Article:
Binary Ninja Blog

Type and Variable Cross-References

This blog post covers two new features from BinaryNinja version 2.3 (though both have seen some improvements on post-2.3 development branches as well!). Variable and type cross-references (xrefs) are two highly-demanded features for version 2.3. The two issues had accumulated 13 and 23 thumbs-up on GitHub, respectively. I am honored to work on such important features.

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Ground-up AArch64

What does it take to almost completely re-write a full architecture module to get the highest accuracy AArch64/ARMv8 decompilation and lifting? Follow along as we not only talk about the improvements we’ve made since open sourcing it in October 2020, but also take a behind the scenes look at the new disassembler and how it was generated it from the ARM specification.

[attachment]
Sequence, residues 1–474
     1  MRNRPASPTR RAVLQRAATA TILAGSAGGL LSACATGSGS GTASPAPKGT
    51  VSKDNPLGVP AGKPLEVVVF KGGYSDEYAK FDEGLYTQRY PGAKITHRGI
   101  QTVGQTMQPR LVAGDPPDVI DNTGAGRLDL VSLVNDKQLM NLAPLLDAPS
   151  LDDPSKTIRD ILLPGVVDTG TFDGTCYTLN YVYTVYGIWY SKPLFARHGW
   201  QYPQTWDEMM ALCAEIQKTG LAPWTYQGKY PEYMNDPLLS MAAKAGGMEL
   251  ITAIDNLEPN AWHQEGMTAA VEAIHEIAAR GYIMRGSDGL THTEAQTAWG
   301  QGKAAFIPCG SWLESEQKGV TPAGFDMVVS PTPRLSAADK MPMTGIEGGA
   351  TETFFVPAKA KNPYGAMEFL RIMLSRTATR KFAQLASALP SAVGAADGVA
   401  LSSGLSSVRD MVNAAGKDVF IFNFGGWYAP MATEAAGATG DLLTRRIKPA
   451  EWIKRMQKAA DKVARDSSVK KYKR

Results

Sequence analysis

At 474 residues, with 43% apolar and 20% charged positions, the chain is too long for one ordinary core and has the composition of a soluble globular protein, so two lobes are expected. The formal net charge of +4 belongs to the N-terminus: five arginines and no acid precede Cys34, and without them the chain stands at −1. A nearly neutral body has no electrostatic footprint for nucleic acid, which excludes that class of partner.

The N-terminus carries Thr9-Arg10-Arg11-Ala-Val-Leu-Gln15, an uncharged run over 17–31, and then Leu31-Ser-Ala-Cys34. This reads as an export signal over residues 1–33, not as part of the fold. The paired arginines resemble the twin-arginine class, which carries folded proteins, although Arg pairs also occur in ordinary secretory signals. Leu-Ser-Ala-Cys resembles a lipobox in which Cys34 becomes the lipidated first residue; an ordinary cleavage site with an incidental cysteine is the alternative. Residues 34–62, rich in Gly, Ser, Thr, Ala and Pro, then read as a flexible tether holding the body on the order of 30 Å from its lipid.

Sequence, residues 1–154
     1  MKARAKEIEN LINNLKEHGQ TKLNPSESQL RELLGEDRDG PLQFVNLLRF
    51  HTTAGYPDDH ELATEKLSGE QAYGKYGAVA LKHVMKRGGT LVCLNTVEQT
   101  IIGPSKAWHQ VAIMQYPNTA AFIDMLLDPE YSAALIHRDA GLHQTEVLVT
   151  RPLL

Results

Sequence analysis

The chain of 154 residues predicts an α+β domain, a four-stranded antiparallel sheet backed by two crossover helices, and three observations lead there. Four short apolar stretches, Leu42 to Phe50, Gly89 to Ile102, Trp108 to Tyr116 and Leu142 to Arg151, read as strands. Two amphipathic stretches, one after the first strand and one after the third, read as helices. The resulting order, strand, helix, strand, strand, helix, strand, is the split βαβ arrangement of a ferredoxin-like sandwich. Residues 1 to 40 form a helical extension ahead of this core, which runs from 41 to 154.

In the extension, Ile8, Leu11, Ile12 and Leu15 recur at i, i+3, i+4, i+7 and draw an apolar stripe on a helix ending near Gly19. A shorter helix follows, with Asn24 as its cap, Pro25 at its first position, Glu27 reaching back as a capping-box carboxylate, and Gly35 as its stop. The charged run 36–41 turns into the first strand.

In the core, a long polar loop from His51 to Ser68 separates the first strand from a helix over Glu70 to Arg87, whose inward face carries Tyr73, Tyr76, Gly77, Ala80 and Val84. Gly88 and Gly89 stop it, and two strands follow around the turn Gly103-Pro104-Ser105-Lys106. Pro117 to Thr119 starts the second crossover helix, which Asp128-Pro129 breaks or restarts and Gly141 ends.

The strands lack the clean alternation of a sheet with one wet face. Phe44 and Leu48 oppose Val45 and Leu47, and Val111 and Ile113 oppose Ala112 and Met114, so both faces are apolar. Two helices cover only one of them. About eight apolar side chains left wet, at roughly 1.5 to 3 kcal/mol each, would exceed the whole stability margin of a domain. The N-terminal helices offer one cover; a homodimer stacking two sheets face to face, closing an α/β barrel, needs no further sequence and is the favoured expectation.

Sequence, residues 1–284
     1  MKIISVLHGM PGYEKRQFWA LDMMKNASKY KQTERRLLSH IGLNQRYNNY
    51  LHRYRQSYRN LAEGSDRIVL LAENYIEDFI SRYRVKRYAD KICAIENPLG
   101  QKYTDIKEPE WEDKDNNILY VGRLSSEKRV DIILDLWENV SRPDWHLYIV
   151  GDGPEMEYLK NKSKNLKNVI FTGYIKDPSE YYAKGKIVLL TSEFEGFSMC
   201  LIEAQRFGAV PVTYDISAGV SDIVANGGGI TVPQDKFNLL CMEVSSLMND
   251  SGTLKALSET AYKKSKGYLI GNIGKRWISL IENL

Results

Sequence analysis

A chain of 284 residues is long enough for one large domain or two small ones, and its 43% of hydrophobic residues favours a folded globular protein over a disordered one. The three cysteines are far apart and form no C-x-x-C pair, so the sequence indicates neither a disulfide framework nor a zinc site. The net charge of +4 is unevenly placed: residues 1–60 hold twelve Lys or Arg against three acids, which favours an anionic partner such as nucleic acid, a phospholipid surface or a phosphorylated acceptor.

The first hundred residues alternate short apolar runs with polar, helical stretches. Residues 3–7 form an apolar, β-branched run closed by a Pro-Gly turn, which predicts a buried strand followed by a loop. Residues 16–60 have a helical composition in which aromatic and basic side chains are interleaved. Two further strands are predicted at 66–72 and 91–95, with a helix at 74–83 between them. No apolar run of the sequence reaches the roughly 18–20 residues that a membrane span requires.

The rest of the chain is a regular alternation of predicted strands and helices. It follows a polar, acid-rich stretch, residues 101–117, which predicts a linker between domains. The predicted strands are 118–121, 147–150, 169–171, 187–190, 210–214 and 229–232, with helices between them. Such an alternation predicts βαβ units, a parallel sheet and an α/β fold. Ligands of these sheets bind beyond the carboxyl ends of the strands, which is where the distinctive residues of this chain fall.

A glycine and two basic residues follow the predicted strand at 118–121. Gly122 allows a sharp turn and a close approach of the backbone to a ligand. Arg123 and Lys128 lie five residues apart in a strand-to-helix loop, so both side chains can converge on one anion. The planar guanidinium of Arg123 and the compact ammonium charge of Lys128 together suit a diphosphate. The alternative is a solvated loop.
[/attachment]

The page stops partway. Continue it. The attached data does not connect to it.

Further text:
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2.3 Release

As we settle into our quarterly release cycle, this stable update includes changes from the past four months of Binary Ninja development. With over 600 commits and 157 issues resolved across an increasing number of repositories (most of which are open source), we continue to simultaneously launch new features, improve existing features, and resolve bugs.

The main new features for this release include new view-synchronization, type and variable cross-references, and a plethora of HLIL improvements. Read on for more!

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Deobfuscation of gobfuscate Golang binaries across multiple architectures

Today’s entry is a guest-post brought to you from our friends at Kryptos Logic who have been working on a handy plugin we wanted to highlight. They were kind enough to let us cross-post their blog here, but make sure to check out the rest of their posts as well! Note, everything below this paragraph is from Jamie Hankins, not Jordan despite what the “author” tag on this post says!

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2.2 Release